JDR 3rd Scholars Program

The John D. Rockefeller 3RD Scholars Program is a grant-making initiative that supports applied research on pressing natural resource and agricultural challenges facing Asia's rural poor. The JDR 3RD Scholars Program proudly builds on the work of the Agricultural Development Council between 1954 and 1985.


2015 Bangladesh Grant Competition Now Open

The John D. Rockefeller 3RD Scholars Program, in collaboration with the U.S. Agency for International Development-funded Climate Resilient Ecosystems and Livelihoods (CREL) project, seeks proposals for applied research on community co-management of wetlands in Bangladesh. The goal of the research is to assist local communities, the Government of Bangladesh, and funders in making better informed decisions on policies and programs to protect freshwater wetlands.

In order to submit a proposal, please form a multi-disciplinary team of three researchers under age 45 (see application instructions). The winning proposal will be awarded a one-year grant of up to $25,000 USD in March 2015.

Grant Application Materials

Application Instructions for JDR 3RD Wetland Policy Research Proposals
Call for JDR 3RD Wetland Policy Research Proposals
JDR 3RD Scholars Program Budget Template


Sundarbans mangrove forestCurrent Research Teams

Bangladesh Mangrove Valuation

 

Men and women in boatPast Research Teams

Indonesia Climate Change Adaptation
Cambodia-Laos Avian Influenza
Vietnam & Thailand Payment for Environmental Services
Myanmar Avian Influenza

Photo of Suon SengScholar Stories

The Story of Ai Thanda
The Story of Suon Seng

 

Learn more about the JDR 3RD Scholars Program.


The Agricultural Development Council (A/D/C) Tradition

The Agricultural Development Council (A/D/C), established in 1954 by John D. Rockefeller 3RD, provided graduate-level fellowships to outstanding students from 16 Asian countries.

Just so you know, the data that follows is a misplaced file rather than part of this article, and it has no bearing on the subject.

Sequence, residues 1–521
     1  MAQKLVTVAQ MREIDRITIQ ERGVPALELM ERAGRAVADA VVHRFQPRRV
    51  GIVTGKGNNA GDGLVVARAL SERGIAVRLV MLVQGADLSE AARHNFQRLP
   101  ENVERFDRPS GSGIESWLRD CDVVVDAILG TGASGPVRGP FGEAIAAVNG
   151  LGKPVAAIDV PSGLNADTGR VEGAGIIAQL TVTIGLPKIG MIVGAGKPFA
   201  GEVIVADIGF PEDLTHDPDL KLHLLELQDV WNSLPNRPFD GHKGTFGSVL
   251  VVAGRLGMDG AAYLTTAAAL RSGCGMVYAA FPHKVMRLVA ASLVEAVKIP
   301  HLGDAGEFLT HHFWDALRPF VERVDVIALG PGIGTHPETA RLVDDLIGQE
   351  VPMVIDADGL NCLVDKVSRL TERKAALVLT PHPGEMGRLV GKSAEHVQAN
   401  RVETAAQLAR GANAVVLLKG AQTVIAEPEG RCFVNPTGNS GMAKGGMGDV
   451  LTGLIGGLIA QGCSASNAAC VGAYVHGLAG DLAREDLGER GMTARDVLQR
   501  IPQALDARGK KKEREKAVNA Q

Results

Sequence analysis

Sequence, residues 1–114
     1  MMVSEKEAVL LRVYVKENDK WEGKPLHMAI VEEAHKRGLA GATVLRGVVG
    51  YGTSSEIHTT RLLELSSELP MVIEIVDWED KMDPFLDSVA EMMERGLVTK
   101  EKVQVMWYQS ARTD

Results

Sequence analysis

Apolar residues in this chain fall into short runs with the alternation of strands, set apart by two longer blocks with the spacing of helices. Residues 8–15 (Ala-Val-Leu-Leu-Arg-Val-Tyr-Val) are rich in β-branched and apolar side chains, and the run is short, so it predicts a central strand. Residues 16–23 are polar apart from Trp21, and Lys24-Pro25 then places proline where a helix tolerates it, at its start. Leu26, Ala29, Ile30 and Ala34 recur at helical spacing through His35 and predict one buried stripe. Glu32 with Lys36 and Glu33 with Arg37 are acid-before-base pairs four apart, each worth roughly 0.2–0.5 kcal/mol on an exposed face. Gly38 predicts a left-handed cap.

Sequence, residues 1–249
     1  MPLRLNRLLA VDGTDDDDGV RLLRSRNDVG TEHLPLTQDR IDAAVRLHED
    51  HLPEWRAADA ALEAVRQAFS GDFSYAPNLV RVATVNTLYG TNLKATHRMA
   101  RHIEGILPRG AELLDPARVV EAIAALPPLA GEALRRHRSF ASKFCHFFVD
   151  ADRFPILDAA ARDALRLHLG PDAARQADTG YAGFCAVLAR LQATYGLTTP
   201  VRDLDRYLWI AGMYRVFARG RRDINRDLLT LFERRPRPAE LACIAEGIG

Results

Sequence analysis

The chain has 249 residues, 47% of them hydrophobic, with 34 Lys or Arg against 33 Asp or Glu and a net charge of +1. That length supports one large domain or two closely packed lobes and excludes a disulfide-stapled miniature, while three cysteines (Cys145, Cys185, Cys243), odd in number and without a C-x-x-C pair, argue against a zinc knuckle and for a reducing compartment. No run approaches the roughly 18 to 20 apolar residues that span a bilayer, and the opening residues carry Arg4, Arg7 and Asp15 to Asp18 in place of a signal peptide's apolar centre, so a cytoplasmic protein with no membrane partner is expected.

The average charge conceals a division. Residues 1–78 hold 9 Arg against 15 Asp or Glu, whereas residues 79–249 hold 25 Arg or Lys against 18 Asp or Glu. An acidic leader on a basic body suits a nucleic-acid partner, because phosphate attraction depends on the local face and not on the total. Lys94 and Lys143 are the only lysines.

During its 31 years of operation, the A/D/C supported advanced degree studies of 588 men and women. Most attended universities in the United States; a few studied in Europe and Australia. The A/D/C also strengthened local academic institutions, sponsored conferences, and supported research initiatives.

The A/D/C was successful in identifying scholars with a deep commitment to serving their countries; more than 90 percent of A/D/C fellows returned home to assume leadership positions in academia, government and the private sector.

In 1985, the A/D/C merged with two other Rockefeller family-related organizations to become Winrock International. In 2004, on the 50th anniversary of the A/D/C, Winrock created the John D. Rockefeller 3RD Scholars Program to recognize Rockefeller’s lifelong contributions to international development and cooperation.

Today many A/D/C scholars continue to play important roles in rural development. If you were an A/D/C Fellow, or a Winrock Scholar in Asia, we want to reconnect with you.

Learn more the about the A/D/C.

All photos courtesy of the Rockefeller Archives Center.

 

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